In the late 1970s the American historian and diplomat George F. Kennen called the First World War the “great seminal catastrophe”. [Kennan: The Decline of Bismarck's European Order, 1979].
Even one hundred years after its outbreak, the Great War, as it is still named today in many countries, stands not only for a new kind of warfare but above all for a previously unheard of scale of destruction and violence. Hidden behind the immense number of victims the war brought with it are countless individual stories and experiences of soldiers for whom the First World War meant a drastic caesura that reverberated beyond the end of the war. High-technology warfare waged with mass armies put everything previously experienced in earlier military conflicts into the shade. Everyday life in the war involved hours and hours of artillery fire, poisonous gas attacks, lingering for days in the trenches and caverns, likewise mud and cold, wounds and losses, plundering and violence against the civil population, hunger cold, dirt and lice.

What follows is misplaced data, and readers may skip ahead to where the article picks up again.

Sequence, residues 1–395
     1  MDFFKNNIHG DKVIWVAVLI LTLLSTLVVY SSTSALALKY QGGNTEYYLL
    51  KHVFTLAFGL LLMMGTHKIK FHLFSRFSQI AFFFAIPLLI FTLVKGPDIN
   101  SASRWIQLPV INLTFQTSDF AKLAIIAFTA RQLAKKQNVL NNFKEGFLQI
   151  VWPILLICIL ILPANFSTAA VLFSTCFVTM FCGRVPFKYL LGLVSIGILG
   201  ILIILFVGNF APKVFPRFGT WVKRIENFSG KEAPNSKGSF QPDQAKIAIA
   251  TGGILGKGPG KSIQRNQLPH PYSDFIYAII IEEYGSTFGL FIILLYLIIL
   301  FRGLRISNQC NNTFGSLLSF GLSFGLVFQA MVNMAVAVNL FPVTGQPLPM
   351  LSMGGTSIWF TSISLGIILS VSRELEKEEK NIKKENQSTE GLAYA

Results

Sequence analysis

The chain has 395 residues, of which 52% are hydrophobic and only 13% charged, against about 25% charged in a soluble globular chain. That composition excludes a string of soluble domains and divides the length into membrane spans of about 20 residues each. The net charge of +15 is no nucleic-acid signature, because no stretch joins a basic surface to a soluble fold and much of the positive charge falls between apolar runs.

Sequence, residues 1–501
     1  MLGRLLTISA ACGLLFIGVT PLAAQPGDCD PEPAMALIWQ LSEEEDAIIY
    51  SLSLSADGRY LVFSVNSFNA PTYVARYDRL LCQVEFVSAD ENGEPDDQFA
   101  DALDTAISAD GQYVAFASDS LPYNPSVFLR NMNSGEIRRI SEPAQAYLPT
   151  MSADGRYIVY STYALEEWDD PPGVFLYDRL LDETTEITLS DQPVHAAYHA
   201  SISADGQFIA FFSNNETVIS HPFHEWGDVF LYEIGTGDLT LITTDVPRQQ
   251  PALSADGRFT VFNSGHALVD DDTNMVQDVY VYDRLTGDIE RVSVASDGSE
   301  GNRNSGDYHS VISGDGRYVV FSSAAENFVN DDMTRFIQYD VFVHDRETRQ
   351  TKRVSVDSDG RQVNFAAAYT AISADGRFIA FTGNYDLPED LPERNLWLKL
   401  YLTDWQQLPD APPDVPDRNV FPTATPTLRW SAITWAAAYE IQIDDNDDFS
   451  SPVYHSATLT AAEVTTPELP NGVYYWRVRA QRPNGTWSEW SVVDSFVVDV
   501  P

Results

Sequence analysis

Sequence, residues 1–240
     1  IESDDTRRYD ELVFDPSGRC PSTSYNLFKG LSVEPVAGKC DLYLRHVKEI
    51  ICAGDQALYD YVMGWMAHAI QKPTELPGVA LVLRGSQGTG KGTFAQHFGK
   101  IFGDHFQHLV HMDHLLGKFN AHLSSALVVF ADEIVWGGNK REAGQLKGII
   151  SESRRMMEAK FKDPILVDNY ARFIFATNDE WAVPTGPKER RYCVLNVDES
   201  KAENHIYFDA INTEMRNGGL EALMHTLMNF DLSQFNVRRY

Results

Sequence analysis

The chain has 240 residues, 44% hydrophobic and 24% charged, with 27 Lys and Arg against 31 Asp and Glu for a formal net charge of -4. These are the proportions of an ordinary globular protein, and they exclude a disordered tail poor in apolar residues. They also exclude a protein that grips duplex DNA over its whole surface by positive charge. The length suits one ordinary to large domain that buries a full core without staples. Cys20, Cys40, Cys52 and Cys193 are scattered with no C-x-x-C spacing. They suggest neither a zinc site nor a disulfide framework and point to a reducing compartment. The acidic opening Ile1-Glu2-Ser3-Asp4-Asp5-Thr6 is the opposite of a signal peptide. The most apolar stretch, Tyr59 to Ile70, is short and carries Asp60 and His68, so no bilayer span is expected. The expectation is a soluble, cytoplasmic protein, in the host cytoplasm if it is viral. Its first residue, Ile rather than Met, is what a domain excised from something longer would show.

Translation: Abigail Prohaska